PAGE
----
2018 Pride Issue - Featured Stories - Lila Star: America's First Transgender Latina Rapper
When I first heard of Lila Star, I was intrigued. “The First Trans Latina Rapper,” as she was billed, caught my eye and imagination. I could not wait to talk to her. Excited to speak with Star, who will be performing at The Pride & Equality Magazine 15th Anniversary Ball on September 14th, we settled down for our Q&A, drinks in hand, and began to chat like two old friends.
Star is making a name for herself, working with big names from Rupaul’s Drag Race and taking the title of the first Trans Latina Rapper, a title she is very proud to claim. Her journey started some time ago with a video that paved her career. “About four years ago, when I made the video for my song “The Truth.” The director didn’t even know I was trans until much later. I have since worked with the director, Nestor, many times.” The title of “first trans-Latina rapper” is an important one to Star and she is proud to claim it. “There is no one doing what I am doing. If there is, she isn’t speaking up. When you are younger you don’t realize that you have something special, a unique voice. I am a triple threat. I want to express myself any way I can.”
Lila is the first rap or hip-hop artist to appear in our publication and taking the mantle of LGBTQ’s first Latina female artist is a title she wears proudly. When it comes to how she is accepted by the hip-hop community, the experience has brought some harsh feelings into the limelight. “Well, I think it’s sad,” says Star. “The hip-hop and gay communities have always influenced each other with different slang and fashion and such. I have had to deal with a lot of prejudice in the hip-hop community with people who are not supportive because they are dealing with their own sexuality. I got to where I am all on my own. I plan to knock down any doors that come before me on my own. It makes me more driven to prove that I can do it.”
When it comes to Star’s influences when creating her music she shares that everyday living is always the best way to create. “The usual life experiences. When I grew up Lil’ Kim and Tupac were my saviors. They were my hip hop Gods. As I get older just the lessons life has taught you.” She continued to share her love for Lil’ Kim when it comes to how the sometimes controversy artist’s style appears in her videos. “I am the trans-Lil’ Kim! When I was a kid I was a regular church-goer but my alter ego is a bad girl. It helps me express my sexuality. I can be her unapologetically and it is easier to say things you really feel.”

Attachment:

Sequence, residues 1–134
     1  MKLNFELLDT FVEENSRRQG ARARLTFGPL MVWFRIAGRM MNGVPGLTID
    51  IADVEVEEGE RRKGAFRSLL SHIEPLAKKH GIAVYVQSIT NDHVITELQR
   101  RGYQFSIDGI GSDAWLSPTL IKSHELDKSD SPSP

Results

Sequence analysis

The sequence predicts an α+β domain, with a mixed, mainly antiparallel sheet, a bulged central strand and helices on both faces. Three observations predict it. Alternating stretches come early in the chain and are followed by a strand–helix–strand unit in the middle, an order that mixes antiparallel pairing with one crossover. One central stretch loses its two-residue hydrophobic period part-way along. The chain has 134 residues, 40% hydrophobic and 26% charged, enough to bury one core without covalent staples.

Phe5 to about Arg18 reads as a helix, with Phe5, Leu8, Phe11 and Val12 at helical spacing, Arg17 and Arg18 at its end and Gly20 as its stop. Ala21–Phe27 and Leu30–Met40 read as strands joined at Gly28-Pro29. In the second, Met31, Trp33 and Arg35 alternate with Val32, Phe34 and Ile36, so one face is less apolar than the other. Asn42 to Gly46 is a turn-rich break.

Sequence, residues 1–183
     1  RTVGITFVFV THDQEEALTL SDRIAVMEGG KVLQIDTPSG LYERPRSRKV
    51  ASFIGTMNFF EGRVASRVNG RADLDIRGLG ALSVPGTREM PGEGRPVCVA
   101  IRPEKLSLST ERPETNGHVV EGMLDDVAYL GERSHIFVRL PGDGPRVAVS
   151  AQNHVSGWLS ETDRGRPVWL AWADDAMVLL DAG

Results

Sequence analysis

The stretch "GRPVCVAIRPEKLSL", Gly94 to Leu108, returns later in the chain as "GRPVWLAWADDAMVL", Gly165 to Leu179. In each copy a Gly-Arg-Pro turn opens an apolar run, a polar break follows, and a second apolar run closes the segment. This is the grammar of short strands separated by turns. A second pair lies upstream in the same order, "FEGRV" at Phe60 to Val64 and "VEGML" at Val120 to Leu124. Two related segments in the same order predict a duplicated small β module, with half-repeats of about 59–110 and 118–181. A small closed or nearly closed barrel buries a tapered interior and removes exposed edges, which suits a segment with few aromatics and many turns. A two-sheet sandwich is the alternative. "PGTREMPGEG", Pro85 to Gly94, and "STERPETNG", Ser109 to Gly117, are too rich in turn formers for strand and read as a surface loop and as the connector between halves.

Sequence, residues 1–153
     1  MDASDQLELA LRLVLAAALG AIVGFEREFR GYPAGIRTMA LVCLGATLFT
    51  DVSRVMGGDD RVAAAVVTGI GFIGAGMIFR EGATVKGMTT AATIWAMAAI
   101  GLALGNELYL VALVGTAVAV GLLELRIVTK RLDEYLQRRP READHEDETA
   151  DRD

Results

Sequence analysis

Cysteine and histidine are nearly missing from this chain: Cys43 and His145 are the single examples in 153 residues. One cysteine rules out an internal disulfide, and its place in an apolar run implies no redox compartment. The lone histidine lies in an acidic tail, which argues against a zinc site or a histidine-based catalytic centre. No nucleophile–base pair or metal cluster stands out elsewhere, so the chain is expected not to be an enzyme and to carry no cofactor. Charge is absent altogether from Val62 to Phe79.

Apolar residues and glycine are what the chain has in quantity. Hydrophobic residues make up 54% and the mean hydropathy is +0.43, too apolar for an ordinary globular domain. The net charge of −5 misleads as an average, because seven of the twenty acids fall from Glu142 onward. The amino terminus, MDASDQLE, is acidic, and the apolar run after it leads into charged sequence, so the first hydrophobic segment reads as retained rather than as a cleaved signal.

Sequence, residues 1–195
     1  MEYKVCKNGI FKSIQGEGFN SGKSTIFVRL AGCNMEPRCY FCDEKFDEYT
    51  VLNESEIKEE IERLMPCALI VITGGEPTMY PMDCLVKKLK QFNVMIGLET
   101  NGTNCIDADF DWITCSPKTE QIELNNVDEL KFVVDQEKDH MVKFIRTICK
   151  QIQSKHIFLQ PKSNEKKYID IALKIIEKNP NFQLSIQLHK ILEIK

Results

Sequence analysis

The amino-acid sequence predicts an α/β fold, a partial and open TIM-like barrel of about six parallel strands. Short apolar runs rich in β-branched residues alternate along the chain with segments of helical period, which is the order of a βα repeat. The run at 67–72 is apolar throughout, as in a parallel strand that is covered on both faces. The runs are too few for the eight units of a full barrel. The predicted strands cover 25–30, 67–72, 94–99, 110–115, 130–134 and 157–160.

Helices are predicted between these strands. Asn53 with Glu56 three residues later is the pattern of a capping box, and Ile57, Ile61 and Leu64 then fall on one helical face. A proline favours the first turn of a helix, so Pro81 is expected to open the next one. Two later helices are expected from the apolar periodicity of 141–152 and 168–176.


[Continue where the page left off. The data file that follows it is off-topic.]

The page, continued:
Lila is truly making a name for herself, recently collaborating with Drag Race alumni, Shea Coulee, and season 10 contestant, Vixen, on the song Cocky. The video, a powerful, fierce form of expression, leaving those who watch it wanting to strut their stuff after viewing. A childhood connection led to the collaboration. “Shea and I met because we are both from Chicago and we got to talking and were both dealing with losing our dads. ‘Cocky’ just kind of came out of those talks.”
When it comes to Star’s aesthetic, it should be no surprise that she is a fan of fashion. “I love fashion! It’s been a childhood inspiration. “ I love clothes. Growing up, I would play with pieces. I was scared growing up in the hood - being half Puerto Rican. Everyone was uber masculine. So I got to play with boy sides. I love thrifting. I am obsessed with designers. They make me feel expensive and beautiful and diva-like.”
Star has a few upcoming projects on the way. “I just completed a short film called “Lake Shore Drive” and have a role in an upcoming movie that I can not talk about just yet.”
Lila Star is determined to be a powerful element in the music scene and if her attitude and style have anything to say about it, we’ll be seeing more of her in the future.
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